Don't worry, I've done this a lot, nothing bad ever happens...
    QUOTE QUOTE #21

  6. hot ford coupe's Avatar VIP/Sponsor
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    Jeffrey
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    Sep 2005
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    Brilliant. Simply brilliant. A veritable masterpiece.
    Sometimes a handful of patience is worth more than a truck load of brains. Have the courage to trust your own beliefs. Don't be swayed by those with louder voices. W.S. Maugham :)
    QUOTE QUOTE #22

  7. gbritnell's Avatar VIP/Sponsor
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    George
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    Here's an update to the trans project. I found a little time between other jobs and got the top cover machined. Although it's a smaller part it has a lot of angular ribs and curved surfaces both inside and out, so there is quite a bit of time involved not only with machining but setup. Yesteday I also got the input shaft housing machined. This completes the machining part of the cases and covers. All that remains is to bench the tooling marks out and then I can move on to the internals, gears, shafts and linkages. These will be much simpler than the cases because they won't have all the detailing work. The first set of photos show the top cover from the outside and inside showing all the machining. There are two shots of the cover installed onto the main case and one showing the detailing on the input housing.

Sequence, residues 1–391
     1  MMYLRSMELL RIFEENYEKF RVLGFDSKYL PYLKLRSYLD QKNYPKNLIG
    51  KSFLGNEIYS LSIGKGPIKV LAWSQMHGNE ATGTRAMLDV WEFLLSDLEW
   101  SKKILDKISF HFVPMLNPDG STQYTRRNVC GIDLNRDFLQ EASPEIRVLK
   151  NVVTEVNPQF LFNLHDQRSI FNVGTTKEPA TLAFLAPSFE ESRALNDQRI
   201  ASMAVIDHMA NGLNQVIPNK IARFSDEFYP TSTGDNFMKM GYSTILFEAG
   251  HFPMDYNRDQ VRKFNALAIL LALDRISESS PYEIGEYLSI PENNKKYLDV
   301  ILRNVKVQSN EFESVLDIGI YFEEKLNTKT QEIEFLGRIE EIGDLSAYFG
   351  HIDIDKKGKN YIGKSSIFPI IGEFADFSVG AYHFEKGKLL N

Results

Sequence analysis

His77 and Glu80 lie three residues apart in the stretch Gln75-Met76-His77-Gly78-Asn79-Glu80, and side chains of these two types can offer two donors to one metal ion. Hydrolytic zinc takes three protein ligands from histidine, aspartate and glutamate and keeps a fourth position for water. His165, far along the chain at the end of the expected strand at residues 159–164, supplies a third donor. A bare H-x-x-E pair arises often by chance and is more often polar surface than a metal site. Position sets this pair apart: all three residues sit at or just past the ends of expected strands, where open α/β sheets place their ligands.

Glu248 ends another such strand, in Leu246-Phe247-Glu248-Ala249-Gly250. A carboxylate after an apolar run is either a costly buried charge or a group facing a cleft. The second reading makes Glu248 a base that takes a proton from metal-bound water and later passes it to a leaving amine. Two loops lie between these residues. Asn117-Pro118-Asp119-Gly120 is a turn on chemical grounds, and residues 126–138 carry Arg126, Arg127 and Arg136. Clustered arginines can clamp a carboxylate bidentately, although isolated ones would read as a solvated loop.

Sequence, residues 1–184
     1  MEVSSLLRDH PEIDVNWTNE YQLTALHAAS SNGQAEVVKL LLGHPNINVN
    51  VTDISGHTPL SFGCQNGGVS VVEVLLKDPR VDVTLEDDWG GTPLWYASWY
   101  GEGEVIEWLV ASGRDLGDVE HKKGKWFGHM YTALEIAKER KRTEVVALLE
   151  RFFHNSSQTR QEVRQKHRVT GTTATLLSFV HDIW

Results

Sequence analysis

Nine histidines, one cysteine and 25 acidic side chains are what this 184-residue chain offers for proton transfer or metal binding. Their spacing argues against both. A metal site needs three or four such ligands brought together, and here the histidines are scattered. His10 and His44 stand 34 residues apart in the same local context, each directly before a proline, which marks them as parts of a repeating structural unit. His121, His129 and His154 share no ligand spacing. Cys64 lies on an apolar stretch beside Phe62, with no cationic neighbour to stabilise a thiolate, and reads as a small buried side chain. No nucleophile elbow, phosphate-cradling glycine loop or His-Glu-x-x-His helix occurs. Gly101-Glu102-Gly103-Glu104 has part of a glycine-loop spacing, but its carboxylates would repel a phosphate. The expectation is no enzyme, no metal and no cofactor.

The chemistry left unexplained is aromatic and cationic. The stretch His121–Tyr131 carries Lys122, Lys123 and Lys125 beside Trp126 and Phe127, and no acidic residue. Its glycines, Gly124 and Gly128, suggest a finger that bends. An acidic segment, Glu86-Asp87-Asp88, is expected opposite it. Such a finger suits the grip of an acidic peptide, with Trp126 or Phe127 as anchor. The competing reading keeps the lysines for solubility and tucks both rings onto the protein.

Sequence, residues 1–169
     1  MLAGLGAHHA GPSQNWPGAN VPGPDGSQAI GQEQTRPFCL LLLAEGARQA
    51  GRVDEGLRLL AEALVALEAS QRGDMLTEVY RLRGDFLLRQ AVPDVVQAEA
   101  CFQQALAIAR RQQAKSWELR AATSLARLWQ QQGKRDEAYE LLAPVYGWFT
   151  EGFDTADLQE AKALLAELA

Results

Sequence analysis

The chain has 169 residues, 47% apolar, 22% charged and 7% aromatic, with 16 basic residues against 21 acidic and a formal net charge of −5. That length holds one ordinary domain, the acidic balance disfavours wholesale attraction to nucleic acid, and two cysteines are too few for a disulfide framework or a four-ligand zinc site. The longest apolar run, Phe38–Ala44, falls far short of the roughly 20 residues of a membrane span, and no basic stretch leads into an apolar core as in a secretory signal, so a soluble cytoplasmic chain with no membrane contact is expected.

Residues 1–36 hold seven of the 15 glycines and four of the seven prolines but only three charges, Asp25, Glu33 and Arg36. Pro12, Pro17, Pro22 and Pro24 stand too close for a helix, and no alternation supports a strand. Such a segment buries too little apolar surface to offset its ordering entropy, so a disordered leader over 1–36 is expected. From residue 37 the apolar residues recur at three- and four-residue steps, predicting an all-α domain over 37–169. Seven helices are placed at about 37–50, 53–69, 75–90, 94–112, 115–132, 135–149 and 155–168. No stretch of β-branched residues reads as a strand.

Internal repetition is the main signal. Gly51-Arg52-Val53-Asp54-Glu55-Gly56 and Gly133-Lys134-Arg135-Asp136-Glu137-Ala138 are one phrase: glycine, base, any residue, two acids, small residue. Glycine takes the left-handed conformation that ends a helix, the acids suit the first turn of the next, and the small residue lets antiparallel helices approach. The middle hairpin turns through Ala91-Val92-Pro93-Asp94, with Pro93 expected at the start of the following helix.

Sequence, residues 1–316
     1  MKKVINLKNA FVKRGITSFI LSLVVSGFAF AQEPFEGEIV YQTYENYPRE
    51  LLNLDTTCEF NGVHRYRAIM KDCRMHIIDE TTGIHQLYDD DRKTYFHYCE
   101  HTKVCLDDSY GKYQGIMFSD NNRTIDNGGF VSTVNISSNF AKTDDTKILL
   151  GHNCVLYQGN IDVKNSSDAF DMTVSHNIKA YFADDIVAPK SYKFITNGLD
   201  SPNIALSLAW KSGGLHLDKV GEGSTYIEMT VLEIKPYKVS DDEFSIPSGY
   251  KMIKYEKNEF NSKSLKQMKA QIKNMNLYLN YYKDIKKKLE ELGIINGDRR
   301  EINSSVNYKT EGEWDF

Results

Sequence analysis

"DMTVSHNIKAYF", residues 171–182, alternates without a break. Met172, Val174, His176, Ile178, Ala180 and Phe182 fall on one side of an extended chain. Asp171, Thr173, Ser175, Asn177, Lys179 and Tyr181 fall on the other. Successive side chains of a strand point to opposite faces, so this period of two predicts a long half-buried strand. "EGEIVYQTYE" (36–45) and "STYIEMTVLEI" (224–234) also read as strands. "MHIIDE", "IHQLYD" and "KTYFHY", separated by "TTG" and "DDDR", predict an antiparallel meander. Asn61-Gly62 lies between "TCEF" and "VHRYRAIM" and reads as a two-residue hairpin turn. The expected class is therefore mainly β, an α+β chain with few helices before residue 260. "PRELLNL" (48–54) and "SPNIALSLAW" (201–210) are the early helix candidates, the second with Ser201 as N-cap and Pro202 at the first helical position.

George
    QUOTE QUOTE #23

  8. Don Garrett's Avatar Asst. Administrator
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    Don